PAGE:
“Over the Hill to the poorhouse my child’ ern goodbye!
Many a’ night I watched you when only God was neigh;
And God‘ll judge between us, but I will al’ays pray;
You shall never suffer as I do today.”
From “Over The Hill to the Poorhouse,” by Will Carleton, 1872
It was June, 1967, and as Mae Weida recalled it in her article in the 1990 issue of the Lehigh County Historical Society’s Proceedings, the staff at Cedarbrook, the county’s hospital and nursing home, were looking for space for the Operational Therapy Department. Opening the door of a long unused closet, they were surprised to find it full of ledger books. Looking at them more closely they were also surprised to discover record books from the mid-19th century, a time when Cedarbrook was known as the Lehigh County Poorhouse and County Farm. The oldest they could find dated from the mid 1840’s, when it had first opened. It was a time capsule look at how Lehigh County, and many other counties, towns and cities tried or attempted to try to cope with the social changes brought on by industrial revolution and population growth, which led to poverty and social dislocation. It also reflected how the stigma of poverty clung to the poorhouse concept, a place where no one wanted to be sent and no one wanted to be forced to stay.
Traditionally in Europe it had been the role of the church to look after the poor. But with few prominent exceptions, following the Protestant Reformation a lot of these religious institutions were replaced by local governments. It was in 1601 that England’s Queen Elizabeth I created the first so-called Poor Laws. In place and essentially the same for the next 250 years, they required the local government to establish an official to see to it that the poor would get some sort of relief and that the town could raise taxes to build poorhouses for them. Charity was only part of their purpose. Primarily it was a means of social control, to keep the “paupers and vagabonds” from roaming the countryside and becoming bandits or rebellious. There were strict penalties imposed on those who refused to obey the poor law officials.
It was only 21 years later, 1622, that the first English style poorhouse was founded in America at Jamestown, Virginia. Under the mistaken impression that the New World was full of gold, those who first came there were disappointed to discover it was not true. Jails and poorhouses were established primarily for them. The next known American poorhouse was founded in 1660 in Boston as the Boston Almshouse. In 1735 it was expanded under the Boston Workhouse Act of 1735. Some who had places to live were provided with food in their homes. Others were “bound out” by boarding them to work with local farmers. There were even auctions where the poor were auctioned off to the highest bidders. Philadelphia had both an almshouse and asylum where, on Sunday afternoons, it was common practice to stare at the “antics” of the “lunatics.”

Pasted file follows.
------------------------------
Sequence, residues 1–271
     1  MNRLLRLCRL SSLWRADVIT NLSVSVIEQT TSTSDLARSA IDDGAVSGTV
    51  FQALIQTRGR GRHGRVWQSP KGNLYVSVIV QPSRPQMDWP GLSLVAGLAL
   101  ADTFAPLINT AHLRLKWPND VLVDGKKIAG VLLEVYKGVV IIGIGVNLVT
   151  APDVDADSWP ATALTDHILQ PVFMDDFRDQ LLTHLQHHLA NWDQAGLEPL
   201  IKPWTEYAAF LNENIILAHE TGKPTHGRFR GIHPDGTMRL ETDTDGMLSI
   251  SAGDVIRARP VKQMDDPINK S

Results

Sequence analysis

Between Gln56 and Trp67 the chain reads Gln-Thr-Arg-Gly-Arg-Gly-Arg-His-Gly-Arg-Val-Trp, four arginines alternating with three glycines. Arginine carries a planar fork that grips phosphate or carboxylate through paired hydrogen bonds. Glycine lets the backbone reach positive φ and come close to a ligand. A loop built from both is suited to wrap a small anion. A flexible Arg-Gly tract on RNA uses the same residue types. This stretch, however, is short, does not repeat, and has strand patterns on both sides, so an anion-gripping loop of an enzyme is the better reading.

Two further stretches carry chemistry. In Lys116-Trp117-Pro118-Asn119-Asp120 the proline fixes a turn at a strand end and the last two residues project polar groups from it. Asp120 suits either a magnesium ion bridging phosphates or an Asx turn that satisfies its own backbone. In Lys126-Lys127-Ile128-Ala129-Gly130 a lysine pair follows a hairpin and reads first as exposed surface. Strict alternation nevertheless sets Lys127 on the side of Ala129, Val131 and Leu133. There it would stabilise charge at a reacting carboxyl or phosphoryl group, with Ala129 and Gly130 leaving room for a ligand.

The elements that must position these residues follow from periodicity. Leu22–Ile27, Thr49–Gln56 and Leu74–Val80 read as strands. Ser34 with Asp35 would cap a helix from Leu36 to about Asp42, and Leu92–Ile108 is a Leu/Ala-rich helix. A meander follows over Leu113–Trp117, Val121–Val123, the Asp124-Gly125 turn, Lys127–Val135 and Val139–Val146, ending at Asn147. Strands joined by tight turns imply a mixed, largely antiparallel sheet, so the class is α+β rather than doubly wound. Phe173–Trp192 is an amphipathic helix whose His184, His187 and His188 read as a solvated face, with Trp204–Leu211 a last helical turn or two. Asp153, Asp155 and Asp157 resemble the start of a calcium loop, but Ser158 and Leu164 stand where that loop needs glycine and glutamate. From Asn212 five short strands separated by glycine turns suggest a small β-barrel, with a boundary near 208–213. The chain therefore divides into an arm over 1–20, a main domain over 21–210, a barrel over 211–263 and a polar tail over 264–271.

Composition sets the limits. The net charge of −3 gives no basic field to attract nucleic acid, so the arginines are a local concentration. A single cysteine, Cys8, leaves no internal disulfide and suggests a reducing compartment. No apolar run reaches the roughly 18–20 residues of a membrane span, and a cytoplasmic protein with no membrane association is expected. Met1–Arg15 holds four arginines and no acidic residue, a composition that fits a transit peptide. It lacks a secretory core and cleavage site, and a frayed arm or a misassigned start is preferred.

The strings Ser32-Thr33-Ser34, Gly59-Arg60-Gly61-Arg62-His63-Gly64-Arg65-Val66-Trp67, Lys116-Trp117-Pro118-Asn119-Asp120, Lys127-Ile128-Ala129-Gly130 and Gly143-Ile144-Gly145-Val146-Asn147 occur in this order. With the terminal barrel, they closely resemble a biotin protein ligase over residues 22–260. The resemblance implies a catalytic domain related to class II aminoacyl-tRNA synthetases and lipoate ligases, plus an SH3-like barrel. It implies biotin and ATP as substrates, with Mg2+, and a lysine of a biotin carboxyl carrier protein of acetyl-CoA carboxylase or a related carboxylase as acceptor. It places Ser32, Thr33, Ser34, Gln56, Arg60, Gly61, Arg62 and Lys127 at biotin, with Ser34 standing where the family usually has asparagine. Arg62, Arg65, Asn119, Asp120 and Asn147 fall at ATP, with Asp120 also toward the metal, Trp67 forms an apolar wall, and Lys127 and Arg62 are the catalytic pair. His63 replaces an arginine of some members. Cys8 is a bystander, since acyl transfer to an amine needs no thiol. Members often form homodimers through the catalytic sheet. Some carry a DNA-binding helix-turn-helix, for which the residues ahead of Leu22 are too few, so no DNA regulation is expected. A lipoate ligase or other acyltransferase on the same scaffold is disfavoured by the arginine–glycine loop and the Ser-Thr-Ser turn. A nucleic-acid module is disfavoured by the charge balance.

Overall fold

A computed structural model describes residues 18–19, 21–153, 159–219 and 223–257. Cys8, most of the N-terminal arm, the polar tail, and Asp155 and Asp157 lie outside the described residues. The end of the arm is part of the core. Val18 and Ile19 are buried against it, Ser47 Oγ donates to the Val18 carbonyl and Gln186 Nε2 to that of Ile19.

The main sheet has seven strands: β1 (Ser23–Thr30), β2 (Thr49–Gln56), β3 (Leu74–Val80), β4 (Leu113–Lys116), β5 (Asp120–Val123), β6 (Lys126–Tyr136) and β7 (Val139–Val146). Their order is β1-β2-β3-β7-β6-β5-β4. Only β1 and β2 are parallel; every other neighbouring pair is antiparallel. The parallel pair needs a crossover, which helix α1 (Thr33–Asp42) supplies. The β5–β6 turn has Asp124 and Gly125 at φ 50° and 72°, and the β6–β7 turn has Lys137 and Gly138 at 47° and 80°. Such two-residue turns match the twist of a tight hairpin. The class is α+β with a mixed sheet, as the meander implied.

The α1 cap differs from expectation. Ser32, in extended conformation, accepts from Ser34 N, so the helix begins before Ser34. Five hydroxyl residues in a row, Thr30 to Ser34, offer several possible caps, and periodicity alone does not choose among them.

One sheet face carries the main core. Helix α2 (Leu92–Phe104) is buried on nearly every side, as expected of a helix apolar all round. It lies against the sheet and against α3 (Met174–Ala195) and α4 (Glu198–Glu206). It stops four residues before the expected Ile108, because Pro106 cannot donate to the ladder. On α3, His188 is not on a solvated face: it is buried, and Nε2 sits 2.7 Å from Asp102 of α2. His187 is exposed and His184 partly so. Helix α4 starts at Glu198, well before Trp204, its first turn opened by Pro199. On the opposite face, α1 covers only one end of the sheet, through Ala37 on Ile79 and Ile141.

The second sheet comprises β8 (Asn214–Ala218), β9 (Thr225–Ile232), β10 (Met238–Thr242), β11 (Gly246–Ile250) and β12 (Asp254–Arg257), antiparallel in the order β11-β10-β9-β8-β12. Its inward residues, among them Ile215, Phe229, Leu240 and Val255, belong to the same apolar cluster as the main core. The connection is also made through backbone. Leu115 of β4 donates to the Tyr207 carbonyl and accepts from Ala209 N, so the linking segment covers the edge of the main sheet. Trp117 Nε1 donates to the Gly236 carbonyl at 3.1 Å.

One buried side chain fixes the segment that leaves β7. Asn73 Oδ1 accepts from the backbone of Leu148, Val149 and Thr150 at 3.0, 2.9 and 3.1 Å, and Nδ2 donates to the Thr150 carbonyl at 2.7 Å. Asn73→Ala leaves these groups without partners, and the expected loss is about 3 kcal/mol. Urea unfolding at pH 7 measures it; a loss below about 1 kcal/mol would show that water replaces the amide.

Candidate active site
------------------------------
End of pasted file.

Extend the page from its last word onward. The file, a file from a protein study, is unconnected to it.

But it was not until the 1830s that there was active talk of a poorhouse for Lehigh County. A petition was presented to the State Legislature for a Lehigh County poorhouse in 1831 but the measure failed. It may have been because conservative Pennsylvania-Germans did not like the idea of turning over to the county government a function that for centuries had belonged to the church. They also may not have liked the fact that their taxes would have to be raised to pay for this institution. But in the 1840s things took a sudden change. The collapse in the local economy in the Panic of 1837 and the depression that followed and a flood in 1841 devastated the local economy and led to many of the poor and needy wandering the streets. Something had to be done to give them relief, get them working and keep them off the street. The measure to create “a House of Employment And Support of the Poor of Lehigh County” passed in a referendum by 1,200 votes. The county established a commission to begin the process of acquiring land for the new facility. On November 18th 1844, the commissioners gathered at Henry Guth’s log tavern at Guthsville to go through the pile of 28 possible properties.
Among the most prominent were the following: